The grip is a way of holding the racket in order to hit shots in Tennis. Many players change their grips during the game in order to suit the needs of their shot.
The Handle Edit
The Handle is divided into 8 sides to form an octagon. Although they're not all the same on each side, they do show the necessary bevels for the other grips. When a racket is laid down on flat ground, the bevel on the top is Bevel #3, or correspondent to it is Bevel #7. As you move counter-clockwise you go up to Bevel #2, then Bevel #1 on the farthest left side. In order to get the correct grip, the base index knuckle finger is positioned on the corresponding bevel with the hitting hand grasping the rest of the racket.
The Six Grips Edit
There are 6 different grips in Tennis, however because the octagon is symmetrical, they can be interchanged onto the opposing sides.
The Eastern Forehand Grip Edit
The Eastern Forehand grip is also known as the "shake hands" grip because when you "shake hands" with the racket you automatically apply this grip. It can also be obtained by picking up a racket on the floor. The Eastern Forehand grip lies on Bevel #3. This is the most generally taught grip to young people as the swing tendency keeps the racket flat allowing for easier contact with the ball, however many professionals are known to still hit with this grip.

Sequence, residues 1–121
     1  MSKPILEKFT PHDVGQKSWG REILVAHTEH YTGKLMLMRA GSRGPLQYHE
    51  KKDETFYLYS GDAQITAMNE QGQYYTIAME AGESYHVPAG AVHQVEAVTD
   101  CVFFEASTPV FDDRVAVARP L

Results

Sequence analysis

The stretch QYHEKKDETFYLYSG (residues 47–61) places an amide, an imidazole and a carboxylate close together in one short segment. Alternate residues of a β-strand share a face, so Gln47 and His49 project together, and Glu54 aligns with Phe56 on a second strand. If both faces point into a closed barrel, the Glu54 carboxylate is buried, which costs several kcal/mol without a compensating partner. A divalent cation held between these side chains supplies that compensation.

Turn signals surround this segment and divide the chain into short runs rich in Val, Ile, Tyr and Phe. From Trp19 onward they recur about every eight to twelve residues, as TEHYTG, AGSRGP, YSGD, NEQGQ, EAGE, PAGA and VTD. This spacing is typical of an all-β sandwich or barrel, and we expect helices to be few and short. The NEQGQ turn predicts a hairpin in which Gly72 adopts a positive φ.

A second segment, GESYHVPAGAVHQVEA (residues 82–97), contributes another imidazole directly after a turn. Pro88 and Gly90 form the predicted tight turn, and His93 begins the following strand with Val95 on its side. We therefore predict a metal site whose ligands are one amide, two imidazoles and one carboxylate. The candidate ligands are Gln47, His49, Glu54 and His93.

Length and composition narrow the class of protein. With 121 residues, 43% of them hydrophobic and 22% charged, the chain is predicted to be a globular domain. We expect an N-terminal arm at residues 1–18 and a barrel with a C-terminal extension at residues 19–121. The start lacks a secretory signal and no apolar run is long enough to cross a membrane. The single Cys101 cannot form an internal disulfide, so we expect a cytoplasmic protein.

The Continental Grip Edit
The Continental Grip is the overall grip for serves, slices, and volleys. This grip lies on Bevel #2, and is also known as the "chopper" grip because it is held the same way you "chop" with an axe. This grip provides very little topspin but is easily made to give underspin for many of the volleys and slices. The serve also uses this grip, despite the awkward feeling for beginners, it allows the racket to eventually travel faster than the person can do himself, giving the time of pronation in order to allow for a strong flat serve.
The Eastern Backhand Grip Edit
The Eastern Backhand grip lies on Bevel #1. This is mainly used for the one-handed backhand. However, it's corresponding side, the Western Grip on Bevel #5 allows for much more topspin on it's forehand shots. The Eastern Backhand grip is also sometimes the preferred shot for the Kick serve as it allows for more spin to be applied on the serve.
The Semi-Western Grip Edit
The Semi-Western Grip is on Bevel #4. It is in between the Eastern Forehand Grip (Bevel #3) and the Western, or Eastern Backhand Grip (Bevel #5). Although it is not hit as flatly as the Eastern Forehand Grip, it does transition partially into the Semi-Western grip which gives it more topspin than the Eastern Forehand grip.